The extent of the involvement of these ABC transporters in the transfer of many nutrients including essential vitamins and drugs into the breast milk has been recently considered[21]. There are several efflux transporters in human mammary epithelial cells that line the alveoli within the mammary gland[8,22,23]. This leads us to believe that there may be a more substantial role of these transporter proteins in the transfer of many compounds from maternal plasma to the breast milk than currently perceived. Alcorn et al[8] have shown that there is some of variability between the level of RNA expression of various transporters in the HMEC from lactating vs non lactating breast tissue, indicating a graded expression change during induction of the lactation process that could lead to significant changes in substrate transport during lactation. Using immunocytochemical analysis and functional studies in primary human mammary epithelial cells culture, our group have demonstrated the presence of MDR1 (ABCB1), MDR3 (ABCB4) and MRP1 (ABCC1) in these cells[21].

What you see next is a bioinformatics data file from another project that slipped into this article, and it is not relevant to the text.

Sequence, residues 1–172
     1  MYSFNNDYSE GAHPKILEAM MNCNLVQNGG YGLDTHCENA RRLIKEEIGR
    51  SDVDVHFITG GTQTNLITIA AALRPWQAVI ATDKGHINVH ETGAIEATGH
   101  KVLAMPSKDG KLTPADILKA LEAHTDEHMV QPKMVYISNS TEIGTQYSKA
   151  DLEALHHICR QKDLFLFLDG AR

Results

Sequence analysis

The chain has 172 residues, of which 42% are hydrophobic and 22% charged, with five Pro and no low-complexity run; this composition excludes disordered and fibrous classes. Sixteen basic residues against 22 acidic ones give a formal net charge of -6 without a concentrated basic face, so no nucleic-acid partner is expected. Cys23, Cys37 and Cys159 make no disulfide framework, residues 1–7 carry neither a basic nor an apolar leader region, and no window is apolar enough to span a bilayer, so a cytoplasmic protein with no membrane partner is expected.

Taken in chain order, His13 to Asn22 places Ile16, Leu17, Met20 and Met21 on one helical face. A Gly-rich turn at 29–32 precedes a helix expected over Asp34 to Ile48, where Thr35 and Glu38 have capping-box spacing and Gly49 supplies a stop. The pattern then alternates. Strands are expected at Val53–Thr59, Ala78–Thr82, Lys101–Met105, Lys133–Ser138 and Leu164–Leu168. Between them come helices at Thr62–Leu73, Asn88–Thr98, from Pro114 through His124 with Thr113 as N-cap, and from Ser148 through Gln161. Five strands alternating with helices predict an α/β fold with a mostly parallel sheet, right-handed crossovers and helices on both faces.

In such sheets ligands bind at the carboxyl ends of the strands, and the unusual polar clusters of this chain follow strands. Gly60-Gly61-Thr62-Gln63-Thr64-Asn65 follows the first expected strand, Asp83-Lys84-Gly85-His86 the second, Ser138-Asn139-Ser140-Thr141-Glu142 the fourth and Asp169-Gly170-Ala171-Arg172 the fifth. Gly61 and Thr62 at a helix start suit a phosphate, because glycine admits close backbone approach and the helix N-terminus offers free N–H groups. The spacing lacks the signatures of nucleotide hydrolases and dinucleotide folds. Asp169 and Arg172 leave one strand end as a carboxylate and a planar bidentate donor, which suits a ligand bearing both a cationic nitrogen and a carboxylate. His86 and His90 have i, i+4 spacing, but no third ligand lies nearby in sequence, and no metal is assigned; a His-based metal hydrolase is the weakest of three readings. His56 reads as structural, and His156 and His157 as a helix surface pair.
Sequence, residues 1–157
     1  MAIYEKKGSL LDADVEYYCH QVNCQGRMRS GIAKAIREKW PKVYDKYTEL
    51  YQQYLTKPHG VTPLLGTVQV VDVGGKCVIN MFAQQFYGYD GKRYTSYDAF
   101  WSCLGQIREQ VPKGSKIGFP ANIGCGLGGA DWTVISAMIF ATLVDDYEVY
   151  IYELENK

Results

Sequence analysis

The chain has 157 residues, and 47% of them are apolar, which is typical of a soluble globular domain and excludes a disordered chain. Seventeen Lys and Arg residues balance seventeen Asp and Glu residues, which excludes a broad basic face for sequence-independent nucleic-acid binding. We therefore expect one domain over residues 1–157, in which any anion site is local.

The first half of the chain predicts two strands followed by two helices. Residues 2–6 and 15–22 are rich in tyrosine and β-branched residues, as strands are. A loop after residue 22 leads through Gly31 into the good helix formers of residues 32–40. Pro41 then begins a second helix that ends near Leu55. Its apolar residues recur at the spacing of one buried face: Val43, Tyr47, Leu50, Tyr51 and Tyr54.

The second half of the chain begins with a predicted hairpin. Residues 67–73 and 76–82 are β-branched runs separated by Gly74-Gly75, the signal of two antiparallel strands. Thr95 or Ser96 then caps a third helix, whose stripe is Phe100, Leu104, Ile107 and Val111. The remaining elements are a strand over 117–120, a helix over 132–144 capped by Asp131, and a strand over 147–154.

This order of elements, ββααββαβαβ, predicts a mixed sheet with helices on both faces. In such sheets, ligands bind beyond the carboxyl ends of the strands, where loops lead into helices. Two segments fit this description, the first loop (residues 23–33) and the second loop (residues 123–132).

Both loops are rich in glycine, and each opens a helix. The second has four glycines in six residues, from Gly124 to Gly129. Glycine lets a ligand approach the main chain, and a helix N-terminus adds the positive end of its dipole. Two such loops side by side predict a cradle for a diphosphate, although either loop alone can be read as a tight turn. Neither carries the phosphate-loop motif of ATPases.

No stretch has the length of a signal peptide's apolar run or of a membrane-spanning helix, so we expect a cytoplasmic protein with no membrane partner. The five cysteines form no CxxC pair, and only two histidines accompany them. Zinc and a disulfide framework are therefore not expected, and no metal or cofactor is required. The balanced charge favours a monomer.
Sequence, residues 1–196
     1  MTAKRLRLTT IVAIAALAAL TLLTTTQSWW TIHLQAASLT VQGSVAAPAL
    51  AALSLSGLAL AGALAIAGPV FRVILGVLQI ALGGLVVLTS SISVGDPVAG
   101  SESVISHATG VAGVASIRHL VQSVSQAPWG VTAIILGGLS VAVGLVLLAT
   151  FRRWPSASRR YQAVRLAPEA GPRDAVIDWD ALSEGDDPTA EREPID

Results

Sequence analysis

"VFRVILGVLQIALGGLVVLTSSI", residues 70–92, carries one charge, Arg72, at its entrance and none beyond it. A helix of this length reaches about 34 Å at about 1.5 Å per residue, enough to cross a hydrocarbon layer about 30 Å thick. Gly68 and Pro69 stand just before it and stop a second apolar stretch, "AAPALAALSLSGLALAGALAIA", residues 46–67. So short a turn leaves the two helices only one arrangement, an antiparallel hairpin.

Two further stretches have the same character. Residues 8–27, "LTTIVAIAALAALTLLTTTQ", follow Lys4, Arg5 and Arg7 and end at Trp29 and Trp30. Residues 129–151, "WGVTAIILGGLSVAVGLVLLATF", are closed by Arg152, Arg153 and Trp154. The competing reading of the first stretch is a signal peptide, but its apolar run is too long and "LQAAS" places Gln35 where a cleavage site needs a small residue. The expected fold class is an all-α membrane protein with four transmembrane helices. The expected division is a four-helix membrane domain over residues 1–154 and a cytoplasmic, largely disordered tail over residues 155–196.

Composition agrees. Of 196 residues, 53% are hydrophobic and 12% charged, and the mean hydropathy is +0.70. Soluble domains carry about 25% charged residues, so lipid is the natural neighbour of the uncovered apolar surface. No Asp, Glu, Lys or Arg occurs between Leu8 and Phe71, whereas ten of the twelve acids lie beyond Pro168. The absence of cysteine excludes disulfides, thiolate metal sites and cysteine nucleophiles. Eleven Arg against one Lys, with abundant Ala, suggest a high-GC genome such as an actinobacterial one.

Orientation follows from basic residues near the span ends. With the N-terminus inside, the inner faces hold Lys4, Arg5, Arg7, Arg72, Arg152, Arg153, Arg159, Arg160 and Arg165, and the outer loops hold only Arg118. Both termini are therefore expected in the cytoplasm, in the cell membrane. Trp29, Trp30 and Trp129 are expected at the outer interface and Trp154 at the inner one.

Gilchrist and colleagues showed that there is a stage dependent change in the expression of transporters in rat mammary gland and isolated mammary epithelial organoids[24]. Using quantitative reverse transcription polymerase chain reaction, they demonstrated that the various solute carrier and ABC transporters showed a changing pattern in the different stages of lactation. Ling et al[25] studied the M:P ratio of cefepime, an actively transported drug at four and ten days post-partum in rats and found a significant reduction in the amount of cefepime excreted at these two time points. This leads us to believe that as lactation progresses from stages of mammogenesis to lactogenesis to galactopoiesis, changes in the expression of efflux transporters along with changing hormones may influence the transfer of endogenous and exogenous substances from mother to baby via breast milk. However, currently there are no studies in humans to confirm this. Our laboratory is presently investigating whether the expression of efflux transporters in humans follow a stage dependent pattern as seen in animal studies.